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By Roz Rogoff

Virginia Mudd & Kerry Marshall answer questions

Uploaded: Feb 9, 2012

After the group of us toured Mudd's on February 2nd, Jim Gibbon emailed Virginia Mudd asking for more information about the old farmhouse on the property and her contributions to the design of the Restaurant building.

Virginia Mudd replied to Jim in an email dated February 6, 2012, which she gave me permission to publish here. I edited Ms. Mudd's and Mr. Marshall's replies for space and continuity.

"The idea for Mudd's Restaurant and Crow Canyon Gardens was hatched in October 1976 by my former husband, Palmer Madden, and myself. The main purpose of the project was for the restaurant building to showcase energy-efficient design, and for the old farmhouse to demonstrate how to retrofit an old structure for energy efficiency. We wanted to grow as much produce as possible in the gardens for use by Mudd's chefs. The Crow Canyon Institute was created as the non-profit, educational entity to provide resources, classes and demonstrations in organic gardening, healthy and delicious cooking, solar energy, appropriate technology and how we can live more lightly on and in harmony with the earth.

The project idea was shared, developed and refined through the participation of members of the local community. The unusual idea got much needed support from Jim Cutler, a member of the CCC Planning Dept. We got good feedback from various homeowner groups and council members. We worked with restaurant consultants to develop plans for a 75 seat restaurant.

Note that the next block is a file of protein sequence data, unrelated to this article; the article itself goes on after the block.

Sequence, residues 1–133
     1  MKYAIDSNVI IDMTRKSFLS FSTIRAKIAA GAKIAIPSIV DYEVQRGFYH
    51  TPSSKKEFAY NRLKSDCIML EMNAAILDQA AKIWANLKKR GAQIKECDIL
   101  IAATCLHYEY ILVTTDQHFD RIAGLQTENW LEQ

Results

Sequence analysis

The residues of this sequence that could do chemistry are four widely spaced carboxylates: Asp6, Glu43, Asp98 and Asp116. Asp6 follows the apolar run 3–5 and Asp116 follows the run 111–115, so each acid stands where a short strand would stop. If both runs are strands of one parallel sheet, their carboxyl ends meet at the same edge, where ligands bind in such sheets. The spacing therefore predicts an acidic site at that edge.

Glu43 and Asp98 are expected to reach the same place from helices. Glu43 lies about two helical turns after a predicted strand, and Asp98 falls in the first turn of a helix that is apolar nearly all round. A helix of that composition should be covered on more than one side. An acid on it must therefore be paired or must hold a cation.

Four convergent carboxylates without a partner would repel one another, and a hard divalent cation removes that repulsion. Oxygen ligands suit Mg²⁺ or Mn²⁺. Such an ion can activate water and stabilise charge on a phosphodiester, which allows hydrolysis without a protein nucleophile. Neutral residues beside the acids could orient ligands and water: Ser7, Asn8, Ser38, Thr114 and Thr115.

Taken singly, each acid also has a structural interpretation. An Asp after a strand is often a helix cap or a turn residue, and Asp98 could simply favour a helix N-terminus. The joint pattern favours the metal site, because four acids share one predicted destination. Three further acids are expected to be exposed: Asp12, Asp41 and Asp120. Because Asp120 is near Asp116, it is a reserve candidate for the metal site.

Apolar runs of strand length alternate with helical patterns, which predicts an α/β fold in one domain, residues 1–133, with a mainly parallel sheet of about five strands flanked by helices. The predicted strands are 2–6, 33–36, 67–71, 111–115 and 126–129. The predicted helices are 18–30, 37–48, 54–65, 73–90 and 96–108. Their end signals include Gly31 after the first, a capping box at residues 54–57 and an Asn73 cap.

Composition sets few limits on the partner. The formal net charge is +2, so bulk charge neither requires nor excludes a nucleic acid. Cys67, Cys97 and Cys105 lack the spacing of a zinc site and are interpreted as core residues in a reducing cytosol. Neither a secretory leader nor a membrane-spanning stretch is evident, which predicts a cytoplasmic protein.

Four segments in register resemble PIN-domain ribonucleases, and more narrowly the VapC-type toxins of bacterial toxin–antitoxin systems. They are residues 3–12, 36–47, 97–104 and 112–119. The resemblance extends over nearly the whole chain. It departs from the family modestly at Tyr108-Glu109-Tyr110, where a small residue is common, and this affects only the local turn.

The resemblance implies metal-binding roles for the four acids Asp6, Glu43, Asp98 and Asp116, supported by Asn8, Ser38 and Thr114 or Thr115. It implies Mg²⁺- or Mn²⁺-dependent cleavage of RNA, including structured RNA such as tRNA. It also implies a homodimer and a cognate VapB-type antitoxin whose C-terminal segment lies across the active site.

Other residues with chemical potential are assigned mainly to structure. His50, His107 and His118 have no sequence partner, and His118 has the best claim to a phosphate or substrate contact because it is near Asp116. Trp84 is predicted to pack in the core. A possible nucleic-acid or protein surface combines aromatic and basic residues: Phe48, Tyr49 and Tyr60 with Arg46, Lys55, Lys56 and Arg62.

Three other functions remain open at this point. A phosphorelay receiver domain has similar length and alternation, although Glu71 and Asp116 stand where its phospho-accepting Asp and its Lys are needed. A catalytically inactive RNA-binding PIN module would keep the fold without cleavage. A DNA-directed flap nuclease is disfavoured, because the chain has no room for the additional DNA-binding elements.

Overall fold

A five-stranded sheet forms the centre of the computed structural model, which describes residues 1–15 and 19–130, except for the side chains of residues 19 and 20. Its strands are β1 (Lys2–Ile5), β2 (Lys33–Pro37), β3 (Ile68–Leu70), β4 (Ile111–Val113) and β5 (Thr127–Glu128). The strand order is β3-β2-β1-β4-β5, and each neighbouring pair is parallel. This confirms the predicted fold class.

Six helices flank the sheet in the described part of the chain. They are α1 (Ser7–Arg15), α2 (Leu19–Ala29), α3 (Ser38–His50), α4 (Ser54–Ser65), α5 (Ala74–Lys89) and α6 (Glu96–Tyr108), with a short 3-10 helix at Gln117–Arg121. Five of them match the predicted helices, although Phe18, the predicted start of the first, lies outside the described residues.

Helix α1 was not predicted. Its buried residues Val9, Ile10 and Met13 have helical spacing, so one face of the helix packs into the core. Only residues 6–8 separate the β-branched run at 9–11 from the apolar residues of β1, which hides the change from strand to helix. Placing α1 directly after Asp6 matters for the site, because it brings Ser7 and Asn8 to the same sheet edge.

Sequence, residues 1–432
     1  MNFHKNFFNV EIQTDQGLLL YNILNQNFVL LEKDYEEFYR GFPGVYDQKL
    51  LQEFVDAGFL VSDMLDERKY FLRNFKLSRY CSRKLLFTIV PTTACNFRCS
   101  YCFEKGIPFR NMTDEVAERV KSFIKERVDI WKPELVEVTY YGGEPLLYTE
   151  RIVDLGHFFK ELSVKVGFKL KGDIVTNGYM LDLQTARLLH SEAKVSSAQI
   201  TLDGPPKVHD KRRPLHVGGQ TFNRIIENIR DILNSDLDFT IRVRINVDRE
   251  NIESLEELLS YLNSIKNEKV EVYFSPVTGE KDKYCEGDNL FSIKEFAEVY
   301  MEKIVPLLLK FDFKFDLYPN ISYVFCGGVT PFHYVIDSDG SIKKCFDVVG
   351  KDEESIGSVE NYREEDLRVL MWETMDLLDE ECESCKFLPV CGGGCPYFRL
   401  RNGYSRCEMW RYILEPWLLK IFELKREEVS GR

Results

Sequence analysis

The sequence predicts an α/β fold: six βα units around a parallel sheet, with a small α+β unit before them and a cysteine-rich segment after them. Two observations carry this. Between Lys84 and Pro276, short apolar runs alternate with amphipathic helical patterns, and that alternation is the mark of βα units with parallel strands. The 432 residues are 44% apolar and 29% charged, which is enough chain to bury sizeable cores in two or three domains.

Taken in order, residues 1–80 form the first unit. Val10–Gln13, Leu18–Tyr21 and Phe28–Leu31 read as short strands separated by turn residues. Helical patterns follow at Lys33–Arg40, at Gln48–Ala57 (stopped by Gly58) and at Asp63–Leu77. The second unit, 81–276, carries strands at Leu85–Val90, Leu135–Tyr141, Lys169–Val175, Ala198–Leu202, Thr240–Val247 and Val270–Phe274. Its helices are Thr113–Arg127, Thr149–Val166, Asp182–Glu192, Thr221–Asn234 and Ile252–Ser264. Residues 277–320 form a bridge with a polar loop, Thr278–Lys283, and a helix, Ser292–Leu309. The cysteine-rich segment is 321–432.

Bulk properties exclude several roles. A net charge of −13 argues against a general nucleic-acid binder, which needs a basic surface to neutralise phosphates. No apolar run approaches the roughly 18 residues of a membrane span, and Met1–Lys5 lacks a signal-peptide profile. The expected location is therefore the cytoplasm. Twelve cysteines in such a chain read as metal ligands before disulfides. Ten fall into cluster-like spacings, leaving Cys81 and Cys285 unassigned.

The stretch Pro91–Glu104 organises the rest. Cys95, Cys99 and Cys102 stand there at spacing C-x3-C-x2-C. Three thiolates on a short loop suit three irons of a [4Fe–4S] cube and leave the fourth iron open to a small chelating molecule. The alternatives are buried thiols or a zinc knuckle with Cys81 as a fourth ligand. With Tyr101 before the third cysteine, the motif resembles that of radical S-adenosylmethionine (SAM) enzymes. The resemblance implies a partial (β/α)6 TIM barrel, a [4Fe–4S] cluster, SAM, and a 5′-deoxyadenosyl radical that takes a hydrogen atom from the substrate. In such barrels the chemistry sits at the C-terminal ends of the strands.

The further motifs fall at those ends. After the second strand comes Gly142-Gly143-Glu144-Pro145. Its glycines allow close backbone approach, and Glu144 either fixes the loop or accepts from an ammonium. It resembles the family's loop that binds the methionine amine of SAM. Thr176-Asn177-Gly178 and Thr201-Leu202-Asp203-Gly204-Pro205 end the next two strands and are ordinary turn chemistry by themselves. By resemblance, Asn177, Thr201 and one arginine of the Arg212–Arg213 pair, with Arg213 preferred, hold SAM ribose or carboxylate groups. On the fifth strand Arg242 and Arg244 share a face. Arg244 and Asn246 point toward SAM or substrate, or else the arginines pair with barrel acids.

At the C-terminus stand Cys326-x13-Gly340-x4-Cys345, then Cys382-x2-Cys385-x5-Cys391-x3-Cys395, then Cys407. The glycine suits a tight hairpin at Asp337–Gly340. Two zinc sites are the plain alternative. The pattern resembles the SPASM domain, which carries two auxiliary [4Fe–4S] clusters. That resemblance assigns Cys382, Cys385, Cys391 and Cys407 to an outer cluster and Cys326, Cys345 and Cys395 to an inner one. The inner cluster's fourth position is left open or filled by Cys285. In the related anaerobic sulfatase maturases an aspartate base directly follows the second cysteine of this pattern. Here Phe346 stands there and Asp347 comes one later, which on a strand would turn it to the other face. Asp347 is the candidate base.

The property was purchased probably in 1978, and I believe we began construction in 1980 which took about a year. We had a dedication ceremony in early August 1981, to recognize Jim Griffin and JSW. The restaurant opened August 12, 1981.

JSW was chosen after interviewing several architectural firms because not only were they proficient in creating structures using active and passive solar design, as well as other energy conservation methods, but also had a reputation for working collaboratively with clients and groups.

We wanted to create something beautiful, unusual, functional and educational. We wanted diners to have maximum views and access to the gardens within a warm and peaceful dining environment. With Max and JSW, the structure for Mudd's evolved into something we were all excited about and proud of.

I don't recall how we had the good fortune to find Jim Griffin, our contractor, and his team of subs, builders and craftsmen, who could also work collaboratively with the architects and clients. Working with Jim, Max and Murray was one of the great pleasures and rewards of the entire project. All work was done with meticulous attention to detail and quality, and with an eye to the aesthetic harmony of the whole. The creative process was deeply satisfying, and it was a great pleasure to work out endless details with JSW and Jim Griffin, which I thought a rare thing given other people's construction nightmares.
If the structure is essentially sound—as it appears to be—if the building can be upgraded and converted economically to some good use, if people care about it being there, and if its preservation would be of value to the history, beauty, development and culture of the San Ramon Valley then I would be thrilled."